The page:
As an original academic start to a doctoral dissertation, the book was filled with extensive research. Being my first a course in miracles, it was highly unorganized at the start. The book began in a rapid span of writing, totaling nearly 100 pages in the first month (June 2012). By the time I uprooted a couple of months later to North Carolina, from Missouri, in September I was approaching 200 pages of dialogue. The relocation and drastic change in my career put the book on hold at the end of the initial ‘high’ of productivity. As a result, the overall manuscript was hit with my frustration of a lack of direction and organization.
I read the book at the time in its current state while editing and proofreading. I continued to find a lack of organization and a clearly lacking destination that was to be accomplished. I resumed my education three months after moving to NC, putting another pause to the book. As I continued graduate studies, I gained new ideas for writing and began to incorporate them into the book. After completion of the post-graduate courses I was taking, I took part in a process improvement project through work that included extensive studies in DMAIC (a lean process improvement model, similar to six sigma) and began work on a project with a focus on reduction of surgical infection for a particular type of procedure at the hospital I was working at. And, again, the process improvement courses added ideas to the book.
Both the education courses and the DMAIC training contributed to the book in additional dialogue, totaling, over the course of another four to five months, roughly 50 pages of writing, review and analysis. But, a few things took place affecting this section of the writing process. I’ll cover those in a moment.
After about eight months (April 2013) in NC, my career was being further developed as I was assigned to new projects in training and consulting on top of my existing job. Again, this caused a great deal of slowing in the progress of the book. I spent the following few months traveling frequently with no solid assignment that was really in place, based on the circumstances and uncertainty in the assignment I was a part of. This was ‘the dark period’ of the book. For almost five months, the book set with little review and no (zero) progress in dialogue.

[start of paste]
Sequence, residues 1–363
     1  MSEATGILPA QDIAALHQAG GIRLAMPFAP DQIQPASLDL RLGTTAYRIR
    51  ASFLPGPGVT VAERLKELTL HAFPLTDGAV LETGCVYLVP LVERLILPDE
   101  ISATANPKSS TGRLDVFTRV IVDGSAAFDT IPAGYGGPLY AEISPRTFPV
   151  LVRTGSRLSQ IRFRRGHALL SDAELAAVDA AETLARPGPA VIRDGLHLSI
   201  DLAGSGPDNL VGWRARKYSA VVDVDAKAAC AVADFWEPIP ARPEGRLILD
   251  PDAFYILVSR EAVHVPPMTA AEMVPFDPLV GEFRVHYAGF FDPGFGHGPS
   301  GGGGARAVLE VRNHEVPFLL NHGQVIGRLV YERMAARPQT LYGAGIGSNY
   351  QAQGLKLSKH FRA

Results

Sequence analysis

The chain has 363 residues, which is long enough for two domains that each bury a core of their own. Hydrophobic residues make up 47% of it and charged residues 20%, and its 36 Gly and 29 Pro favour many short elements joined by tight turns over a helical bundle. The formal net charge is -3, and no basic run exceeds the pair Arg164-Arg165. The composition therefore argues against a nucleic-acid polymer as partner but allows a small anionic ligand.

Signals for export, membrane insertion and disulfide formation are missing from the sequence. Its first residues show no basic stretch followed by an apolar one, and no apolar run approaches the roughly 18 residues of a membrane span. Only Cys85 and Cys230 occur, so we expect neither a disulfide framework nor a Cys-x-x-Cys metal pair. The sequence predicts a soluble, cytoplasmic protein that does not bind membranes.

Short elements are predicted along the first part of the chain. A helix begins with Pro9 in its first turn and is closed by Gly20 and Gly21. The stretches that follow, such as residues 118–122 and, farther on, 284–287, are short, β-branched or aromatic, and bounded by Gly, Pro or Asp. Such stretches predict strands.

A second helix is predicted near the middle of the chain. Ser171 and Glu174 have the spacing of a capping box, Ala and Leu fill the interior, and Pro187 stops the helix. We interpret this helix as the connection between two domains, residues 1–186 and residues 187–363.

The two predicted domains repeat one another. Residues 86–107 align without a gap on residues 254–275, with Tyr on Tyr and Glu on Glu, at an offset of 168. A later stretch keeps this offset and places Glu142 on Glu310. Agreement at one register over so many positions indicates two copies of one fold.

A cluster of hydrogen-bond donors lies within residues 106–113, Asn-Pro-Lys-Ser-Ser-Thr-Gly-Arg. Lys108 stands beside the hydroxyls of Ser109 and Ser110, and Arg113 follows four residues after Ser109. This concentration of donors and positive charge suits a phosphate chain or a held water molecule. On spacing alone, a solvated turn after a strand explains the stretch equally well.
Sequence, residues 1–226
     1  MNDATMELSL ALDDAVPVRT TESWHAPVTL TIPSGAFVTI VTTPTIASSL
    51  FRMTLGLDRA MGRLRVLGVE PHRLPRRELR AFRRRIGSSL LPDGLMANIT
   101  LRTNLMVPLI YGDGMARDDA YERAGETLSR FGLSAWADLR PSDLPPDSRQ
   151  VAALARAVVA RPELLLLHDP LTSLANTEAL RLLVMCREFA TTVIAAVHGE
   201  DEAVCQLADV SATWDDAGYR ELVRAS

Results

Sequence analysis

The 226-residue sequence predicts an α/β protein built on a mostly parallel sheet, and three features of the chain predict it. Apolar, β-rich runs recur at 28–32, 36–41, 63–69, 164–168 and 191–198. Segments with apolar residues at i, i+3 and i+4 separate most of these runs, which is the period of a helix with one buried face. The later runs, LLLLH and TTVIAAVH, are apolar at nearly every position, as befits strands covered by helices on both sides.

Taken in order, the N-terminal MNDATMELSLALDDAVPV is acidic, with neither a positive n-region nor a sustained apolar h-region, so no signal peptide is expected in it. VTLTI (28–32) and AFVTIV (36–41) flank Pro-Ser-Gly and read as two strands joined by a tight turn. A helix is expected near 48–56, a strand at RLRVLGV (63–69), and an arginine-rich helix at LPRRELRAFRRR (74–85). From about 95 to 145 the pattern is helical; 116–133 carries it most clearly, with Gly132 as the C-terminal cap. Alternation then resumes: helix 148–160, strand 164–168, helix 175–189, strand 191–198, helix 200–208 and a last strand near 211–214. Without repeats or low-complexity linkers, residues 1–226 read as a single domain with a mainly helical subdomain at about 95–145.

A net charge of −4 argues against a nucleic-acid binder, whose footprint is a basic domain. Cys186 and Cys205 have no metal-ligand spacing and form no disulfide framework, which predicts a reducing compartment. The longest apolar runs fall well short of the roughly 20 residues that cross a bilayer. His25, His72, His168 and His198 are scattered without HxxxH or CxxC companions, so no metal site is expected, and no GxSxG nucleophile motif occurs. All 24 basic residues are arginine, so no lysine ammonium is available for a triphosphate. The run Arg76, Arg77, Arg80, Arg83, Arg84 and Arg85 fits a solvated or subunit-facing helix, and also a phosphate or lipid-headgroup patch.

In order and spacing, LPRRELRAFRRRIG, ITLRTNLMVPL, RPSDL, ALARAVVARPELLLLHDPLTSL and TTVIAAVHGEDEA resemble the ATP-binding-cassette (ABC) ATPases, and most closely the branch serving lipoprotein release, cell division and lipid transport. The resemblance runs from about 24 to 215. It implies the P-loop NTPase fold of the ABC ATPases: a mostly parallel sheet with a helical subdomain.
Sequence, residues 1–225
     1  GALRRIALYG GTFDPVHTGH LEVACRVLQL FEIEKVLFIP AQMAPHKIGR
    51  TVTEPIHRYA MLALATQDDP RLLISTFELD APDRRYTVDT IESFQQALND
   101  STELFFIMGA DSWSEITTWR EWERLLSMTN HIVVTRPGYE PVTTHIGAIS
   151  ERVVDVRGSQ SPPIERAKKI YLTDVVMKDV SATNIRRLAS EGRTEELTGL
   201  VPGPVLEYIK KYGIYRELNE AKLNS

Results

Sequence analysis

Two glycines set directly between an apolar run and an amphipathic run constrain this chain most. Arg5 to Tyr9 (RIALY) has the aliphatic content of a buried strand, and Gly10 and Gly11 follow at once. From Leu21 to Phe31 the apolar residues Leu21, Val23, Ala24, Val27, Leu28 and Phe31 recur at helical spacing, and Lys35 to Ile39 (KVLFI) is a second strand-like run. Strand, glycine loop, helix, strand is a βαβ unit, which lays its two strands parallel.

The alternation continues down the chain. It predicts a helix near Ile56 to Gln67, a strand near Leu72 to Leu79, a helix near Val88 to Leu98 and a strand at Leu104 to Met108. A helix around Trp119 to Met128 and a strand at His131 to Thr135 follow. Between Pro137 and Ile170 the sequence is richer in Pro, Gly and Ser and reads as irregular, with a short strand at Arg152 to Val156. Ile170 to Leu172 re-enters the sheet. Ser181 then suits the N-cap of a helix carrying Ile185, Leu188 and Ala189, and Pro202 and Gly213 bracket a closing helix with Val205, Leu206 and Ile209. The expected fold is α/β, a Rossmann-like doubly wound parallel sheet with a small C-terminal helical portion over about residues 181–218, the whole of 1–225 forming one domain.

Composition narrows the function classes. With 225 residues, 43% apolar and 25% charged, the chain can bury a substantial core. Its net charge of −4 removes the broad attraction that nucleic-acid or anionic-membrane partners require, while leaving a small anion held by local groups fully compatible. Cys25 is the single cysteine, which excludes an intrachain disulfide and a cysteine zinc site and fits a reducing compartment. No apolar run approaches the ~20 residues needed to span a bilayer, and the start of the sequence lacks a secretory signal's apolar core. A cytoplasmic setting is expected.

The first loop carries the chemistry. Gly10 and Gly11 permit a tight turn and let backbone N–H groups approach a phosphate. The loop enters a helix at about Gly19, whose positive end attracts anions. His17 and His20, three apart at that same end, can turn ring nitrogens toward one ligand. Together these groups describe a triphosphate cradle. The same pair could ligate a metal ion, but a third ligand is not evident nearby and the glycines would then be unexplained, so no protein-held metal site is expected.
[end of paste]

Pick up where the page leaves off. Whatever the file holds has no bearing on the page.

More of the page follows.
In July, I was offered a promotion and relocation, lending to the dark period above. But, in mid-August, I began pulling the book back out as I felt I was not contributing to anything productive outside of work, and I’m a glutton for challenging myself. So, one evening I decided it was time to power through and see this thing to the end. I pulled the book off of my shelf, in its most recent state at the time, and began the process in its entirety. I looked at the book as a plant that needed watered, trimmed and encouragement to become something bigger.
Finding gaps, missing pieces and unorganized dialogue, I began to rework the book page-by-page, meticulously re-organizing and updating. But, the progress still really hadn’t begun. I had organized it as well as it could be for the moment, but felt it lacked purpose and conceptual application for a reader. So, I developed an extensive spreadsheet with a sort of ‘checklist’ for what every chapter needed to be. This included what each chapter needed to build on and why the chapter was in the book at all, as well as what material needed to be researched, discussed and applied.
This approach was a new challenge in itself. I suddenly went from a mind frame of ‘producing’ to a mind frame of ‘quality’ and ‘purpose’ with a sense of direction while requiring myself to answer some critical questions. The questions included: (1) what is the purpose of the book; (2) what is the vision of the book; (3) what is the mission of the book; (4) what does each chapter add and what does it cover; (5) what are the gaps; (6) what was redundant; (7) did the chapter have conceptual clarity; (8) what was it that specifically warranted the chapter at all.